Presented by Private Jet Card Comparisons – While names like NetJets and Wheels Up are familiar, there are thousands of private jet charter brokers, nearly 2,000 operators, and more than 60 companies that sell jet cards and memberships. They range from subsidiaries of Fortune 100 companies to one-person shops. It’s often hard to tell what’s behind slick websites. And like airlines, private jet companies go bust. Last year’s bankruptcy filing by JetSuite cost its SuiteKey members $50 million in unused deposits.
At the same time, private travel is proving popular with newcomers. Subscribers of Private Jet Card Comparisons who are new to private aviation say they plan to continue flying privately in overwhelming numbers after the pandemic ends. Of those who had started flying privately because of COVID, 96% say they will do so ongoing, with 41% saying they will be regulars.
Doug Gollan, founder and editor of the buyer’s guide to private aviation solutions is often called “The Points Guy of private jets” because of his expertise in helping subscribers figure out what he calls a “devil is in the details” purchase that typically ranges into six figures. Contracts can range up to 30 pages!
If you are looking into private aviation options, he recommends a measured approach. “The biggest source of new customers for private aviation companies is recommendations from friends of current customers. My biggest source of new subscribers is those folks who joined their friend’s program, and found out after the fact it wasn’t a good fit for their needs.”
duPont Registry recently asked Gollan for his top tips.
Tip #1 he says is to have a clearly defined idea of where you are likely to fly in the next six to 12 months and how many people will be flying with you. Program rules make some better for short flights while others are better for cross-country trips. Some are good for domestic flights, but aren’t cost effective if you are flying internationally, even on short-hops like The Bahamas.
Knowing the number of passengers is as important, he says. Many jet cards sell by cabin size category, and while they let you upgrade to a larger category, that’s more expensive. On light jets, as an example, the range of guaranteed seats can range between 5 and 8 between providers. In other words, with some programs, if you have seven passengers you would need to pay to fly in a midsize-jet while others can accommodate you on a light jet.
Gollan’s Tip #2 is to review the peak day calendars and policies of the programs you are considering. Peak days are high-demand periods – think holidays or big events such as the Super Bowl. On these days, which providers publish for the upcoming year, they generally have the right to move your preferred departure time by plus or minus three hours. If you are paying the money to fly privately so you can get an extra afternoon of skiing or at the beach, being told the day before you need to be wheels up at 2 p.m. instead of 5 p.m. can be upsetting.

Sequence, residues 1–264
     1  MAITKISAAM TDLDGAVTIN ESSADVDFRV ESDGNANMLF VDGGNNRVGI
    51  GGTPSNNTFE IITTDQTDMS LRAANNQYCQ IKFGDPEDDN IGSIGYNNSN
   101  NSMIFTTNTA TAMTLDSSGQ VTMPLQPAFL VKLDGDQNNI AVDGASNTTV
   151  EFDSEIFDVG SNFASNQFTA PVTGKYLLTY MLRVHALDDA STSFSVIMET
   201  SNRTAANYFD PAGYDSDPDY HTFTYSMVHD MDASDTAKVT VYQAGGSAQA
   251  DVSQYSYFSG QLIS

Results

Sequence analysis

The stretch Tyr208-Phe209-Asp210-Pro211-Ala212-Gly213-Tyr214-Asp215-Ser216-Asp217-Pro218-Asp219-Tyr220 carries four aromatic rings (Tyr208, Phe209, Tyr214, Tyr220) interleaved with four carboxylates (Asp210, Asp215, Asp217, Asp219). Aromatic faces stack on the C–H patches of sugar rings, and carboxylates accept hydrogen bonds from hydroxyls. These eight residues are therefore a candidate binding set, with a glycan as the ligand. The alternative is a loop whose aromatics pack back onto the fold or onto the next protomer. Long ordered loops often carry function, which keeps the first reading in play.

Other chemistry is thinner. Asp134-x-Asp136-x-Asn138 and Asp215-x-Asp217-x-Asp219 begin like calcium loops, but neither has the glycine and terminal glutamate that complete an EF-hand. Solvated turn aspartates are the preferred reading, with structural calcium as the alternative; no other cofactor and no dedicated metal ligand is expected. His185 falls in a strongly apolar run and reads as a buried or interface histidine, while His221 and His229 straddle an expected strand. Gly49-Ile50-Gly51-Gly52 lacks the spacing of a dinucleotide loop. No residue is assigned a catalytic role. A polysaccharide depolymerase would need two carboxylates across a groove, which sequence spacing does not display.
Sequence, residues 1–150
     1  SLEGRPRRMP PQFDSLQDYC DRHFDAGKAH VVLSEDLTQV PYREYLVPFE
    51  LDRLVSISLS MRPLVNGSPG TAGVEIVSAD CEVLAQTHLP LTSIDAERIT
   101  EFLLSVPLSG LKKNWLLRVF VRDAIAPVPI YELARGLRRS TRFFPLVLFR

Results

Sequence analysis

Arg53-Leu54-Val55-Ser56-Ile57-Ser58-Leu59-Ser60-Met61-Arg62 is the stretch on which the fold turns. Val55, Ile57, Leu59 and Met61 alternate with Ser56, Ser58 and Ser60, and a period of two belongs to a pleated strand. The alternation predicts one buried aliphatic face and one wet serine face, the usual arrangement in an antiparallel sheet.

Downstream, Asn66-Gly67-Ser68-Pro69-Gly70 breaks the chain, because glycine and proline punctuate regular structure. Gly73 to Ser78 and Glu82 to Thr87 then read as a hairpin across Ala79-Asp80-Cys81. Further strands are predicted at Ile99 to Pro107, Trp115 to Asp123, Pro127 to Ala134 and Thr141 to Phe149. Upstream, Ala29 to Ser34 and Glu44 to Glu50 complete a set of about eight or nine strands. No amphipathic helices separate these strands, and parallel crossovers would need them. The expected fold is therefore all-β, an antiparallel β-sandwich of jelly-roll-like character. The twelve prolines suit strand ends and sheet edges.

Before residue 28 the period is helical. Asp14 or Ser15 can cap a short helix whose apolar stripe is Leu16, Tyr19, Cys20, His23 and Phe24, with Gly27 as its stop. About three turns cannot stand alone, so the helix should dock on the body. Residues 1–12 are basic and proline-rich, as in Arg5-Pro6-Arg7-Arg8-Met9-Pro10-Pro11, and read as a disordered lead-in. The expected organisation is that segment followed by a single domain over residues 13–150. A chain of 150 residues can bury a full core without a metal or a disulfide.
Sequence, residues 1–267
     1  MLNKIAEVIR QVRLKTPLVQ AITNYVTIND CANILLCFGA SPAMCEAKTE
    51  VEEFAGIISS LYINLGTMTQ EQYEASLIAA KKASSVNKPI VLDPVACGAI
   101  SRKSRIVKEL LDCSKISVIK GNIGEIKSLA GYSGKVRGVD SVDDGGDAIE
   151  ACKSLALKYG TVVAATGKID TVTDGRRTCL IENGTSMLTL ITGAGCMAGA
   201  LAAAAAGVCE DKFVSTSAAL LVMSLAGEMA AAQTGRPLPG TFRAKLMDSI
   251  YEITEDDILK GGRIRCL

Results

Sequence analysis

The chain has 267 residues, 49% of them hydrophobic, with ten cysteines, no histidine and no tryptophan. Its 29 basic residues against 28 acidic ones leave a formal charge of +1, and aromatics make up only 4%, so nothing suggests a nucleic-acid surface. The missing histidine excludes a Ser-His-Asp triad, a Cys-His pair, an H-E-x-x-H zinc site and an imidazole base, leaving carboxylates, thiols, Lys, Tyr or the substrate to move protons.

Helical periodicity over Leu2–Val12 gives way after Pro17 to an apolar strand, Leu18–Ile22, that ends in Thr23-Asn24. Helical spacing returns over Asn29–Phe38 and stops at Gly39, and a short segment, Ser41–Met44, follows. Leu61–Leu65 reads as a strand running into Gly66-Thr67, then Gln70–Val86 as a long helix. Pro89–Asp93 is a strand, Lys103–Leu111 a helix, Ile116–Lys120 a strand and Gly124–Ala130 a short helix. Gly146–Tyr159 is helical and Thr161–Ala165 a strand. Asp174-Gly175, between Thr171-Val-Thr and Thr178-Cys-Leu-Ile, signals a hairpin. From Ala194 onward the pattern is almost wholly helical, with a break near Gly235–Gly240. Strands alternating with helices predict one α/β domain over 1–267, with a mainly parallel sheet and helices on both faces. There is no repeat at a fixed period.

The number of high-demand days ranges by provider with 20 to 30 being typical, although some programs have over 50. Surcharges can range as high as 40%, and your ability to upgrade or downgrade size of aircraft on those dates can also be restricted. Gollan says if you can’t avoid peak days, it sometimes makes sense to look at another program. “It’s really like two programs, so this goes back to the premise that just buying a program without studying the details can end up in disappointment,” he says.
Tip #3 is to look at cancelation policies. “Most people only look at the deadlines for booking, but cancelation terms can be even more important. If you cancel after the deadline, you could lose your full flight amount, so tens of thousands of dollars.”
Cancelation periods can be as short as four hours and up to a week prior to departure. Going back to peak days, Gollan says for some jet cards, peak day bookings are non-refundable. “Everyone thinks their plans won’t change until they do. If you are going to be using your jet card for business, and the client calls you the day before your meeting and says they need to reschedule, the last thing you want is to lose $25,000 in flight credits.
Still, Gollan says the number of jet card providers has tripled in the past decade. “You can buy jet cards in increments of 10 or 25 hours, so it is a short-term commitment.” He notes, “Unlike chartering on a flight by flight basis, most jet cards don’t charge for repositioning fees, and you can choose programs that include WiFi, deicing, and catering. If the operator cancels because of a mechanical or a pilot is sick, they are offer a replacement flight without an extra cost to you, something that is different from when you charter on-demand. Best of all, once you find the right program, you don’t have to shop brokers for quotes each time. Jet cards are much easier.”
Subscribers to Private Jet Card Comparisons get 12-month’s access to its updated comparison guide, which includes over 250 jet card programs measured by more than 65 variables. It’s Jet Card Decider 2.0 enables subscribers to request a custom analysis from their smartphone, tablet, laptop or desktop computer in minutes. There is also phone and email support to help with any questions.